Summary:

Despite a series of successful biofuel IPOs recently, and a number of biofuel IPOs in the pipeline, the production of next-gen biofuels, in any kind of volumes that would make a dent in the transportation sector, seems to be creeping, very slowly forward.

Amyris IPO Update: DOE Funds Roll In, Losses Top $136M

Despite a series of successful biofuel IPOs and more biofuel IPOs in the pipeline, along with U.S. government support and attention from incumbent oil makers, the production of next-gen biofuels, in any kind of volumes that would make a dent in the transportation sector, seems to be creeping very slowly forward. I know these things don’t happen all that quickly, but they also seem to happen more slowly than some of these companies, government groups and investors initially anticipated (also see my Next-Gen Biofuels: Where Are They Now article from earlier this year).

Amyris and Gevo, which both went public within the past year and a half, reported first quarter financials on Friday, and both are still in the early stages of production for biofuels. Amyris, which is a genetic engineering company that got its start developing bugs to turn sugar into anti-malarial drugs, reported first quarter revenue of $37.18 million, up from $13.66 million for the quarter the year earlier. Amyris’ net loss for the quarter was $33.15 million, up significantly from $16.34 million for the year prior quarter.

Amyris’ financials could look like this for some time until it produces large volumes of biofuels at its planned plant with Brazilian sugarcane producer Grupo São Martinho, intended to open in the second quarter of 2012. The company makes a good chunk of its revenues by selling other company’s ethanol, and as of the end of 2010, Amyris had accumulated a deficit of $202.3 million.

At the same time, Amyris announced last week that it had opened up its first industrial scale facility to turn sugarcane syrup into Biofene, a form of the industrial chemical Farnesene, which is a fragrant hydrocarbon that’s used to make cosmetics, lubricants and other materials. Farnesene now goes for about $1,000 a gallon, which makes it a lot more profitable than a gallon of fuel substitute, though for a much smaller market.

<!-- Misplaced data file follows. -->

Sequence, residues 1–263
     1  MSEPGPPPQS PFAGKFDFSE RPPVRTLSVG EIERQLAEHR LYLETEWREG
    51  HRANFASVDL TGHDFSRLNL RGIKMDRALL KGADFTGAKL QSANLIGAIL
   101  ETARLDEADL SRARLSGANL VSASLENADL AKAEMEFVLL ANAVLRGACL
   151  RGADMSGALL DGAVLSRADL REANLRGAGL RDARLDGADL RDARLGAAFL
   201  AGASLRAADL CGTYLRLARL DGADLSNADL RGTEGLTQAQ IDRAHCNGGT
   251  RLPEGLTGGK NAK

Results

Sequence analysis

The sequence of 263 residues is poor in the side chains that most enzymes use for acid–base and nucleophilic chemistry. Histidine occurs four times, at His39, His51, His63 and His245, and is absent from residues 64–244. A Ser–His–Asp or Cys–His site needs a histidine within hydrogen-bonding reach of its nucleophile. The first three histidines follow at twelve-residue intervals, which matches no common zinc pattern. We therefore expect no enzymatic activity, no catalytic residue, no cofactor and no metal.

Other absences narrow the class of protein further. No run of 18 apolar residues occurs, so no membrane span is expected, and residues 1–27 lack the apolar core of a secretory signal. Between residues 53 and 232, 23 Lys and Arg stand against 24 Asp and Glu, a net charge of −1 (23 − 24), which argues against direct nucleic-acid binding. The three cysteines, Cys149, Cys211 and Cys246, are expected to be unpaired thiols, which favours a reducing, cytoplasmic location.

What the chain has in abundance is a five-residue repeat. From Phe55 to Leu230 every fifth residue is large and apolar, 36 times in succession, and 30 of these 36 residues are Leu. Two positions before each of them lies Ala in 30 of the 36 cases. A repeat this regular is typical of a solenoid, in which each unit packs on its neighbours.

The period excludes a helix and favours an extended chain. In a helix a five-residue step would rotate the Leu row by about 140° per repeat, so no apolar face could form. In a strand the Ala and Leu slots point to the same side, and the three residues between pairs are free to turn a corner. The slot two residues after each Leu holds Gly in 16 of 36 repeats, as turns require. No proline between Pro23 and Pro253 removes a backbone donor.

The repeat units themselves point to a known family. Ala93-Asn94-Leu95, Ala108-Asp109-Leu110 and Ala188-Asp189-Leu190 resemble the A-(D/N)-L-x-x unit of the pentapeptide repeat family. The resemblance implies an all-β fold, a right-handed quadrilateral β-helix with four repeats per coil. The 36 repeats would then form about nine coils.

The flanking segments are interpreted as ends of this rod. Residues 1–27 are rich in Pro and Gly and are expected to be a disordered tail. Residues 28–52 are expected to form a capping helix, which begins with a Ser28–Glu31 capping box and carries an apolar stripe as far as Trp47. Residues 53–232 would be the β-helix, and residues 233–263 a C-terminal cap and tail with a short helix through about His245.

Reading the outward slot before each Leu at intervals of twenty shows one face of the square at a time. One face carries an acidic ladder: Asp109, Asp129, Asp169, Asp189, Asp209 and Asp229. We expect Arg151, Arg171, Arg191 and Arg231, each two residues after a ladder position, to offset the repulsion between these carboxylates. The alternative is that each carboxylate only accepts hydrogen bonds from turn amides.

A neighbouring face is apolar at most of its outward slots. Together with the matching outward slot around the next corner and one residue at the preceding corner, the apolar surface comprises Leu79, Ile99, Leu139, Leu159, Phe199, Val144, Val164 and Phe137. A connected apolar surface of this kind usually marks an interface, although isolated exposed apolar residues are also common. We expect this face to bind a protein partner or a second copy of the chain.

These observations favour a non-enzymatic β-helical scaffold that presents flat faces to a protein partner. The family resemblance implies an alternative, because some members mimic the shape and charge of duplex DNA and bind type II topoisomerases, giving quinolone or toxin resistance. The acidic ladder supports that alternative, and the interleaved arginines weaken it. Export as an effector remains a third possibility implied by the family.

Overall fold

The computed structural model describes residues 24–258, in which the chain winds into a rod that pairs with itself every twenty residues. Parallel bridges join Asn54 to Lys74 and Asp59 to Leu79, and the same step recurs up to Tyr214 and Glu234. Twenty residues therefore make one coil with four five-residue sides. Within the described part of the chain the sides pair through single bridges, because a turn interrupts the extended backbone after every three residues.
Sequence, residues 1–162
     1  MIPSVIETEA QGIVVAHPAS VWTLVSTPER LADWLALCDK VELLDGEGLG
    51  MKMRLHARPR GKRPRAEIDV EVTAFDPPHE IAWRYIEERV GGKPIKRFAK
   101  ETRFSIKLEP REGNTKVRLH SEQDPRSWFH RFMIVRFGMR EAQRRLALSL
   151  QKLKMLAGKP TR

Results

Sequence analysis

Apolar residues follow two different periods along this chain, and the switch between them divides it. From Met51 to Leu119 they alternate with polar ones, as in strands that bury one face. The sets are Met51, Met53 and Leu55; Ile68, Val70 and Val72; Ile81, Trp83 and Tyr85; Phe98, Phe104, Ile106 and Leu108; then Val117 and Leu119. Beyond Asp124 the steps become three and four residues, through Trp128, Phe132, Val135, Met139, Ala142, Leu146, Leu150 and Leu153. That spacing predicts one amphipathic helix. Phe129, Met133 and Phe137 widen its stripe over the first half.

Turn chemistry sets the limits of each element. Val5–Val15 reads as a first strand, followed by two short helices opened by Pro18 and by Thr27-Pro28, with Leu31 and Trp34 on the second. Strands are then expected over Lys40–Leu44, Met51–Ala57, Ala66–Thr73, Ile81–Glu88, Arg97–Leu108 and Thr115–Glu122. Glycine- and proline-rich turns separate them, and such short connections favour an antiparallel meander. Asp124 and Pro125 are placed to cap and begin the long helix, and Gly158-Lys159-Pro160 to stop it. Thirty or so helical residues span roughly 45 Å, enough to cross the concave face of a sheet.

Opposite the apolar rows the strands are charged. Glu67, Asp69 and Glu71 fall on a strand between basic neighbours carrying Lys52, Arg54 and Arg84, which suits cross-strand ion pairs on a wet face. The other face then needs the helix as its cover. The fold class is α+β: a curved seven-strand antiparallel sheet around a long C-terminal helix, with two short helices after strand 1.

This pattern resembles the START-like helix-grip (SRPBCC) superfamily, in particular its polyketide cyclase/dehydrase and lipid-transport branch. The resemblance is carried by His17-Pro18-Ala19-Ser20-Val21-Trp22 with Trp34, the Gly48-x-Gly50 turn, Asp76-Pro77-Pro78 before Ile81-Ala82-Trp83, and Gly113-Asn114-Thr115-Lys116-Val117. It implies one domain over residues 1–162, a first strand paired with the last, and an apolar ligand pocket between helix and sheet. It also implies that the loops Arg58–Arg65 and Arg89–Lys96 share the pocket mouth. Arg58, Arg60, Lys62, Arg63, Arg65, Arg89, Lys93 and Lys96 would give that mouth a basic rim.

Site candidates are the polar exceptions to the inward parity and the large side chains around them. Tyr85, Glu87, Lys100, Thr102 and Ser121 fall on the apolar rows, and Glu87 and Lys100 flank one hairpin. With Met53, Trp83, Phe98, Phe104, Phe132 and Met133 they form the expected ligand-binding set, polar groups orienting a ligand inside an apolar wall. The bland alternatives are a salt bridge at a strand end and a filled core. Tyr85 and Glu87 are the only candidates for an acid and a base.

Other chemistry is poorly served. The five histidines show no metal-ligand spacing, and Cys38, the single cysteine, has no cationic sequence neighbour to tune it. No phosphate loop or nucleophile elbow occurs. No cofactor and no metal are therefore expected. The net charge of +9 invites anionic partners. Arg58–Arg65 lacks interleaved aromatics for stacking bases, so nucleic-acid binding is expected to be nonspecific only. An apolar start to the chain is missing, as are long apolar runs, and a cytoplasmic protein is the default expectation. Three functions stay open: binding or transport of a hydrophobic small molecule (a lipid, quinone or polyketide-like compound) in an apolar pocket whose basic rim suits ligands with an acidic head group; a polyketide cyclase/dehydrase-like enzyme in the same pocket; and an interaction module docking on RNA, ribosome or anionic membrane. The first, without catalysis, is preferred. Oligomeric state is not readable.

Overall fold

A good deal of the next-gen biofuel makers are now turning to this strategy of creating non-biofuel products, like food additives and cosmetics. Algae fuel maker Solazyme — which filed to go public in March — was one of the first to start to produce these non-biofuel goods. Back in 2009 when I visited Solazyme’s factory, the team showed me some of their prototype algae milk, oils and lotions. In March, Solazyme announced a large non-biofuel deal to produce up to 60 million gallons of algae-based insulation fluid for transformers for Dow Chemical. Solazyme has also long said that it won’t be commercializing its biofuel until the 2012/2013 time frame or later.

But biofuels in volumes to rival oil for transportation? Not so much — from any companies. The Environmental Protection Agency scaled back its estimates for how much cellulosic ethanol could be produced in 2010 (originally it was 100 million, but basically it turned out to be zero), and projected that for 2011, five companies will be able to produce about 6 million cellulosic ethanol-equivalent gallons. Those companies include Range Fuels, DuPont Danisco, Fiberight, KL Energy, and KiOR.

Will the EPA even be able to make that 6 million forecast for cellulosic ethanol production in 2011? Well, one company on that list seemed to struggle as soon as the calendar flipped over to 2011. Range Fuels reportedly plans to shut down its plant in Georgia after making just one batch of cellulosic ethanol, laid off a bunch of workers and is trying to raise money. Range Fuels company spokesman Patrick Wright told us in January the company planned to still meet the EPA’s production goal.

Another firm on the EPA projection 2011 list is KiOR, which is planning a $100 million IPO this year and seeking a $1 billion federal loan guarantee. KiOR has never reported any revenues (which is unusual for an S-1) and plans to produce its biofuel product at a commercial production facility in the second half of 2012. To date, KiOR has produced over 32,000 gallons of renewable crude, according to its S-1.

The EPA will be updating the latest projection figures for cellulosic ethanol by the spring, an EPA spokesperson told me on Friday. The EPA maintained late last year that many more companies, including 20 plants, could produce potentially 300 million gallons of cellulosic ethanol in 2012.

MIT Tech Review published an interesting article on Friday looking at whether or not unprofitable biofuel companies like Gevo, Amyris, and soon, KiOR, should be going public. I guess it’s up to Wall Street to read the S-1 very clearly. A prominent CEO of a biodiesel company once told me, several years after he left the company, that he would never do a biofuel startup again, because it was just too capital-intensive and took too long to scale.

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